The Middle East is a complicated place, no doubt about that. In more ways than one Lebanon seems to be the most complicated place in the Middle East. My interest in the region as a scholar began when I read Pulitzer Prize winner Thomas L. Friedman’s book, “From Beirut to Jerusalem.” The book describes the time he spent as The New York Times bureau chief in both of these cities in the 1980s. The book describes the complex identities of the Middle East, a region where national identity places third and fourth to religious and tribal identities.
Friedman aptly describes Lebanon as a country populated by Muslims, Christians or Druze first, before they are Lebanese. But they are Sunni or Shiia before they are Muslim and Maronite or Greek Orthodox before they are Western Christians. But it goes deeper than that; Before they are Maronite they belong to the Gemayel clan or the Farangia clan, and before they are Druze they are part of the Gunbalat clan or the Arslan clan.
Things Have Not Changed Much in Lebanon Since the Bloody Civil War of the 1980s
Things have not changed much in Lebanon since the 1980s. After the bloody civil war that claimed tens of thousands of lives Lebanon was able to rebuild a functioning state system. But it is merely a thin layer over a volcano of tribal politics ready to erupt and once more throw this country into the horrors of tribal warfare.
There has been a transitional government in Lebanon the past six months. After the explosion of highly explosive fertilizers stored in unsafe conditions in the port of Beirut killed some 200 people and injured many more, the government of then prime minister Hassan Diab resigned. In his resignation speech, Diab said, “We carried the Lebanese people’s demand for change. But a very thick and thorny wall separates us from change; a wall fortified by a class that is resorting to all dirty methods in order to resist and preserve its gains, its positions and its ability to control the State.”
Diab was echoing the feelings of so many in Lebanon who are tired of a country on the brink of collapse, crippled by a stagnant economy and deep corruption that protects strong political and financial dynasties.
Since 2019 there have been mass demonstrations all over Lebanon where young protestors from all religious communities attack the systemic failures of the Lebanese political system. These mass demonstrations began well before the explosion, but have only intensified since.
The Young Generation of Lebanon Wants to Save the Country from Its Failing Tribal Models
These demonstrations, organized via social media and documented on YouTube, show on a weekly basis that the young generation of Lebanon wants to save the country from its failing tribal models. The economic crisis runs so deep it has brought the country to a state of bankruptcy, unemployment is at all-time highs and the local currency is worthless.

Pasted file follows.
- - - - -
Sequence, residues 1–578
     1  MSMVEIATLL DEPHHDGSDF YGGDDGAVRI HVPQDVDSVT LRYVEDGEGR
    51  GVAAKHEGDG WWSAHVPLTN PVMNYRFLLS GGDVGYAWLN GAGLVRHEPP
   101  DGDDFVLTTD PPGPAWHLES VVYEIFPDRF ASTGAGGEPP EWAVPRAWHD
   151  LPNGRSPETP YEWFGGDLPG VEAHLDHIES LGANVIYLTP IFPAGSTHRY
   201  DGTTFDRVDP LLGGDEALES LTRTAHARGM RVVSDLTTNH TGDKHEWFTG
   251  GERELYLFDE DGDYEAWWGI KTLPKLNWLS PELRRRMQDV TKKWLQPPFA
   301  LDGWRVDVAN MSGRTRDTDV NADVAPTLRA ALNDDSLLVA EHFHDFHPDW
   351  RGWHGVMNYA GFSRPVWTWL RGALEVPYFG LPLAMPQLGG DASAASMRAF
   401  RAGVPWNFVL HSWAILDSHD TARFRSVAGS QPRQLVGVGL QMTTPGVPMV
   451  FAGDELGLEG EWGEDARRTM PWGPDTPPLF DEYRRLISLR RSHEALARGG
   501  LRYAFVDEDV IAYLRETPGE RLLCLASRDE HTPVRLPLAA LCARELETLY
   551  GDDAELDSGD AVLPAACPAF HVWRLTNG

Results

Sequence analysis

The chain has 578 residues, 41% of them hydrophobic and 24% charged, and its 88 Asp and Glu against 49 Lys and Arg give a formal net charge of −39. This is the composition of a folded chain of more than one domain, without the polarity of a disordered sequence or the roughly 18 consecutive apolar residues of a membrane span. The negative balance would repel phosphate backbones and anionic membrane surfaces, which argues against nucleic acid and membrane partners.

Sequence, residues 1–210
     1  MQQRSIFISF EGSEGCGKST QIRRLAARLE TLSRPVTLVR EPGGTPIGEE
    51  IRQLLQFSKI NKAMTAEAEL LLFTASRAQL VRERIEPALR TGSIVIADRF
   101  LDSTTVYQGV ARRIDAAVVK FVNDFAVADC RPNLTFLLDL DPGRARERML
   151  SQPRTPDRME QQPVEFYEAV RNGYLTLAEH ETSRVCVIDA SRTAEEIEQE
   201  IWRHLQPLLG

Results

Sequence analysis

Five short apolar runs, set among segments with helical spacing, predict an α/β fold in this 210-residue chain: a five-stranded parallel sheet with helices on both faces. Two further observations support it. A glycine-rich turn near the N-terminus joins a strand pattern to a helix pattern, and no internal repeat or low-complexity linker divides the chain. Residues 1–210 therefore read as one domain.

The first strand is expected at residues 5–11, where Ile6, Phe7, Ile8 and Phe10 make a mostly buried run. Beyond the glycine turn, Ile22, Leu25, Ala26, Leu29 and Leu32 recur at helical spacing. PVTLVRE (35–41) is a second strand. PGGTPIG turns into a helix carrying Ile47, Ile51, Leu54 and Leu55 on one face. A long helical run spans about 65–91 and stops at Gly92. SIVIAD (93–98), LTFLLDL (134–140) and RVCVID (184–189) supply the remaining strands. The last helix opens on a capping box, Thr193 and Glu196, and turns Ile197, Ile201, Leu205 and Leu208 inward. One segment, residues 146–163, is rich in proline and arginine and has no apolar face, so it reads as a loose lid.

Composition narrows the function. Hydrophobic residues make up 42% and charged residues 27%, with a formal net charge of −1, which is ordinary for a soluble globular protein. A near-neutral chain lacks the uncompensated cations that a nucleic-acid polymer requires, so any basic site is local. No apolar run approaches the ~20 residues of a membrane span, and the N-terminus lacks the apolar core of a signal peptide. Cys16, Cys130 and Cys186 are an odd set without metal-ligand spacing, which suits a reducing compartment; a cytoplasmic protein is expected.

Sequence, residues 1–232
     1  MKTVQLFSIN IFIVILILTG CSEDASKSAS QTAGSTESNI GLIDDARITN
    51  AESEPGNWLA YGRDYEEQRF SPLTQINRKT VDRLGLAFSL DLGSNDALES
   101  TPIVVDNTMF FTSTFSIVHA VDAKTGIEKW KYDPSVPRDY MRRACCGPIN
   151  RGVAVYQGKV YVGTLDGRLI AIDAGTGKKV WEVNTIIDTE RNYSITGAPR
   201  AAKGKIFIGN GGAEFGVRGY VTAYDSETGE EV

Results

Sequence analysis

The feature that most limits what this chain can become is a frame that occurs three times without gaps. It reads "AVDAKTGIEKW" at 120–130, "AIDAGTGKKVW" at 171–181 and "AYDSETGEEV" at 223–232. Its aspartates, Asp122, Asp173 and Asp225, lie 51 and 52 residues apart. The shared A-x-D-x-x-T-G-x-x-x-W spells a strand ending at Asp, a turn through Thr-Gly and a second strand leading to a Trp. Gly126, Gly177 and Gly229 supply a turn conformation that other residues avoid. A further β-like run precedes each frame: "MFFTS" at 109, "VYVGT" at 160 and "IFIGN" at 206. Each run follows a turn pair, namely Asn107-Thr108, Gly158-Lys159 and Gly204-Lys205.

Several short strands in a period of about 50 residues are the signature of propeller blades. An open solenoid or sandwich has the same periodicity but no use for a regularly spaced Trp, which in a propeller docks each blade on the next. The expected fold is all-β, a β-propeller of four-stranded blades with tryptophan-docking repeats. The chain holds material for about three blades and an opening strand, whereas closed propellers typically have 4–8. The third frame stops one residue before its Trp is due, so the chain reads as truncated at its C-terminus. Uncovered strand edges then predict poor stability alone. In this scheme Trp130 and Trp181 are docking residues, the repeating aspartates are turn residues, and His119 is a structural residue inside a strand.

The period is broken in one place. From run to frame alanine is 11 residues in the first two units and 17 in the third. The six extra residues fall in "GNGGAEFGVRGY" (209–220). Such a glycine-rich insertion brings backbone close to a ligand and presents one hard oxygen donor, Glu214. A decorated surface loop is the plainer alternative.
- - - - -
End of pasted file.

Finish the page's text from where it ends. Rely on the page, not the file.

The criticisms of the protesters have worried the traditional leadership, Hezbollah most of all. This Shiite political party, which has its own private army, is the strongest political force in Lebanon. It is controlled by Teheran and its leader Hassan Nasrallah, who serves as its political and religious leader.
Nasrallah has involved the Shiites in the civil war in Syria, costing the lives of countless young Shiite fighters whom he sent to save the Assad regime. As the most powerful political player in the intricacies of Lebanese politics, Nasrallah is also seen as responsible in many ways for the continued state of stagnation.
In an article by Ibrahim Al-Amin, editor of the pro-Hezbollah daily Al-Akhbar as translated by Middle Eastern Media Research Institute, he wrote: “With the exception of [prominent Lebanese novelist and intellectual] Elias Khoury, I could not find in the recent decade, among the Lebanese elites that fiercely oppose Hezbollah and the resistance axis, anyone who continues to criticize the regimes in the Arabian Peninsula and North Africa, which capitulate [to the West].”
Al-Amin went on to claim that members of those elites, without exception, do not hide that they “directly belong to the camp led by the U.S., Saudi Arabia, the UAE and ‘Israel,’ a camp whose goal is clear and definite,” that is “to subordinate Lebanon, Syria, Egypt, Tunisia and Palestine to the West, to its protégé Israel and to [the countries] that support them.”
Al-Amin Goes on to Claim that the Issue Is the West versus Islam
This is the usual verbiage of the region and Hezbollah, but here al-Amin also goes on to claim that the issue is the West versus Islam, Western traditional values of liberalism and their clash with the religious values of Islam. Khoury writes in his article that the protestors are representing the West and its value system.
This is no mystery; everybody understands what is at stake here. In a March 2 interview with Springfield, Virginia-based Alhurra TV, the leader of the Maronite Church, Cardinal Bechara Raï, said that while the Maronite Patriarchate supports peace over war, “in Lebanon it is Hezbollah, and not the Lebanese state, that calls the shots.”
The next few months might bring major changes for Lebanon. An agreement between the U.S. and the regime in Teheran might allow a resolution of the civil war in Syria, which might also include some agreements for Lebanon.
With the help of Russia, Hezbollah might find itself with a new reality and Lebanon might finally advance in a new direction. Hezbollah has much to lose if there are major changes in the power-sharing structure in Lebanon. The actions and decisions made in Teheran, Moscow and Damascus in the next few months will have a long-lasting effect on the future of this fragmented country.